Gardening and the Environment

There’s an old Middle Eastern story about a little bird who, when she heard the sky was falling, lay down on the trail on her back with her feet up.  A horseman came thundering down the trail, stopped, and asked what the little bird was doing.  “I heard the sky is falling and I’m helping to hold it up.”  “What can a little bird like you do?” the horseman replied.  The bird replied, “I do what I can!”

The majority of scientists believe we are in a global crisis, the earth is getting warmer and we are polluting our world more and more.  Weather patterns are changing; there is more flooding, more fires, and our oceans are full of plastic.  This year we had a record heatwave.

No, the sky is not falling, yet, and while the problems are immense, each of us, like the little bird, can do something to help mitigate the crisis.  We can do what we can.  If each of us used one fewer plastic bag a week in the Edmonton area, 52 million fewer bags a year would be used, many of which would have gone into the landfill.  And why stop at one a week?

A variety of articles on the web indicate that Canadians throw away between 40 to 63% of the food they buy, at a yearly cost of between $1100 to $1766 per household. Not only is the cost high, but the estimated food waste also creates 56.6 million tons of carbon dioxide.  Food in landfills also creates methane gas, a gas that is 25 times more damaging to the environment than CO2.  We buy too much and throw the excess out.  Why throw out food past its best before date, when ‘best before’ refers only to a possible deterioration of taste.

Gardening reduces waste.  Food fresh from your garden not only tastes better, but we are also less likely to waste it.  We use the odd sizes of vegetables never seen in the grocery store.  And, gardening reduces carbon emissions by reducing the costs of growing, processing, transporting, and selling commercial food.

A study in the Journal Science, reported in CBC’s What on Earth, said the best way to fight climate change is to plant at least a trillion trees worldwide.  Some countries have undertaken ambitious goals. For example, Ethiopia plans to plant four billion by October.  Here in St. Albert, you can plant a tree in your yard or come out in September to help plant up to 500 trees with the St. Albert Rotary Club in the Rotary Park.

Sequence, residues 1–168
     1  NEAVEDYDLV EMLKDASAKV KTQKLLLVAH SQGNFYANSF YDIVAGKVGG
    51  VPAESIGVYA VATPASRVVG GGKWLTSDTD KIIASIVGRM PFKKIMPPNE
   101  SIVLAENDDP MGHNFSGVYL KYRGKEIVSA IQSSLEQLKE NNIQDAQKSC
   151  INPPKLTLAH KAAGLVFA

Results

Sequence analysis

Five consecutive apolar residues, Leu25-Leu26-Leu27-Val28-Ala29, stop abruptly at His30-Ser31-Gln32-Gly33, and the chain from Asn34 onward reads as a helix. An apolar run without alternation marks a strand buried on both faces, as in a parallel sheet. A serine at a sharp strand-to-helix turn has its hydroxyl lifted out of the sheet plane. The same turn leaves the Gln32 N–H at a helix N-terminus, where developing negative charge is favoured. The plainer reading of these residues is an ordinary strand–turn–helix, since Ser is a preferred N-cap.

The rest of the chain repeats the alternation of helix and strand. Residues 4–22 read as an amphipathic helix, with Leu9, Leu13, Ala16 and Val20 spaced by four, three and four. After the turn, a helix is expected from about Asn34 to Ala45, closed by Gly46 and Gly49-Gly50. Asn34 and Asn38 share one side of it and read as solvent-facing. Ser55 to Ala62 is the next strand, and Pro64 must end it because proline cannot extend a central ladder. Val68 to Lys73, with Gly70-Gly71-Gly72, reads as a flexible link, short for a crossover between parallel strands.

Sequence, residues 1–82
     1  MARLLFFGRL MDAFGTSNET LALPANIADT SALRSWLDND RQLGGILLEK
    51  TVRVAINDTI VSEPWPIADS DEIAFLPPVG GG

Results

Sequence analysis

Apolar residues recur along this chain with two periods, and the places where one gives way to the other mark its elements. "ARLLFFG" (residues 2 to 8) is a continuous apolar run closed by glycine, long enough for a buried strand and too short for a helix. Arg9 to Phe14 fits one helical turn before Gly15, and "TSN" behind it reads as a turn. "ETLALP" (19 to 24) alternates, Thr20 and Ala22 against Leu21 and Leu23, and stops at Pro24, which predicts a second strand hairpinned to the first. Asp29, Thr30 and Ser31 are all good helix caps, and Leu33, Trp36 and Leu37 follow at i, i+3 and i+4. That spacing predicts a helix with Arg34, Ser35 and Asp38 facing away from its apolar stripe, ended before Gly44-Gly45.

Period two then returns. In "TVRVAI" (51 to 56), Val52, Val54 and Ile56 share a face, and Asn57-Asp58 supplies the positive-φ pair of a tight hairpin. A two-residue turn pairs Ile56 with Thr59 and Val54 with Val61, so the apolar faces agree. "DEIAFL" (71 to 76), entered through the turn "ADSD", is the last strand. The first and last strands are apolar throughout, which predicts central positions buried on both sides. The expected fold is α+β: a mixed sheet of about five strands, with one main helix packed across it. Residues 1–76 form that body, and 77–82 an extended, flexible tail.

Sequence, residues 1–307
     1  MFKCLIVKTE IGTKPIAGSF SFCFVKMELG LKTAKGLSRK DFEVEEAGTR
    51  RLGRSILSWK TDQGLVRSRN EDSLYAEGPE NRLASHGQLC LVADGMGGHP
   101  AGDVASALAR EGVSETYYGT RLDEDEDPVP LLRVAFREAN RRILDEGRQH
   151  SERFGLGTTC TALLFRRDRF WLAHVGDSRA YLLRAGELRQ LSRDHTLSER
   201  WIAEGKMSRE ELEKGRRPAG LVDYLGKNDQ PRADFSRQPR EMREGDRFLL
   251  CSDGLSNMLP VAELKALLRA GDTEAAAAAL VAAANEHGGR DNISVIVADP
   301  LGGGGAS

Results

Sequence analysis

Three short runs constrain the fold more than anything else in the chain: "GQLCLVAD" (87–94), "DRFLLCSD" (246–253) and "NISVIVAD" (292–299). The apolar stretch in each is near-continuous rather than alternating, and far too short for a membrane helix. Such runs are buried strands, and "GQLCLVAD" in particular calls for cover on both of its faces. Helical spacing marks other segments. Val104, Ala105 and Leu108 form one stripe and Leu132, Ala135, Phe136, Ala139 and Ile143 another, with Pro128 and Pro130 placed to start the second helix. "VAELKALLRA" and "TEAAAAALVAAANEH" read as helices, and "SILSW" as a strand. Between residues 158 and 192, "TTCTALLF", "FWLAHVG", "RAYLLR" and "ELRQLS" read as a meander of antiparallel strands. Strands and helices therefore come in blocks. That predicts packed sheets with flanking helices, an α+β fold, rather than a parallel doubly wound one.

Have you wondered why there are far fewer songbirds today?  Could it be because of the use of herbicides and pesticides by not only farmers but by city folk on their lawns.  We also have a shortage of pollinators and many bees and other pollinators are killed by the use of systemic pesticides.

Provide a refuge for birds in your own yard.  Avoid chemicals on your lawn and other parts of your yard.  Provide food for the birds by planting trees and shrubs that provide berries and insects for the birds.  And put up one or more birdhouses.  One amazing wren set up housekeeping in one of our birdhouses.  It had a twig that was three times as long as the diameter of the hole into the birdhouse.  Three times it tried to put it indirectly, but the hole was too small.  Then it twisted its head and poked it in lengthwise.  Smart bird!  And don’t forget the birdbath.  Water attracts birds, to drink and bathe.  Remember to keep the water clean, changing it frequently.

Our environment is a legacy to be passed on to our children and our grandchildren and their children.  Let’s hope they will thank us and not hate us for what we have done for the environment.  And so, be like the little bird, do what you can.


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